What was supposed to be day two of the LV= Insurance series decider at the Kia Oval was called off on Friday as a mark of respect following the death of the long-reigning monarch.
There were suggestions the Test could be postponed or cancelled, but the England and Wales Cricket Board gave the green light to all international, domestic and recreational fixtures going ahead from Saturday "to pay tribute to Her Majesty Queen Elizabeth II and honour her remarkable life and service". The ECB's decision, taken after consultations with the DCMS and in line with the Government guidance on the period of mourning which advised cancelling matches was not mandatory, means the Women's Twenty20 between England and India at Chester-le-Street will also take place as planned. England men's Test captain Stokes, responding to a question about whether sporting events should proceed this weekend, earlier tweeted: "She loved sport, be honoured to play in her memory." Saturday will remain day three of the Test, as scheduled, following a washout on Thursday, with all players and coaches wearing black armbands to commemorate the Queen. A minute's silence and the national anthems will be carried out before the start of play, which looks set to be the first sporting rendition of 'God Save The King'. The ECB and Cricket South Africa explored the option of extending the Test into Tuesday but the tourists will stick to their original plan of flying home on that day.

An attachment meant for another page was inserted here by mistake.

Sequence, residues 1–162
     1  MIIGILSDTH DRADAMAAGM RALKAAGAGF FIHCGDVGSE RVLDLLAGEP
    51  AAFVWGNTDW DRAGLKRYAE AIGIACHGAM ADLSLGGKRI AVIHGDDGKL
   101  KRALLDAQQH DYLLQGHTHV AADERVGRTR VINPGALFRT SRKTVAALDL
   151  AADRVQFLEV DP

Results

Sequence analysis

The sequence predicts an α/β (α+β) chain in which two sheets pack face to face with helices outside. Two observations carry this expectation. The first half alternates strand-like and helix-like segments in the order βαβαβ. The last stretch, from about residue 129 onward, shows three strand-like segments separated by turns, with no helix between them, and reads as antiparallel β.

JUST IN: Cricket in England will resume on Saturday after Friday's fixtures were suspended following the death of Queen Elizabeth II pic.twitter.com/5wCq3Vg350
— ESPNcricinfo (@ESPNcricinfo) September 9, 2022
The CSA decision was taken to allow its players to spend a few days at home before embarking on tours of India and Australia and effectively determines a three-day Test against England. The toss and teams remain the same - with Stokes electing to bowl first before persistent showers ruled out the prospect of any play on Thursday - with 98 overs scheduled for each of the last three days. There was plenty of anticipation for this match, with the Proteas winning the Lord's opener by an innings before England returned the favour at Emirates Old Trafford as both Tests finished inside three days. Speaking earlier this week while contemplating the prospect of rain interrupting play, South Africa captain Dean Elgar insisted there would be "a winner in this Test" which he was treating "like a World Cup final".
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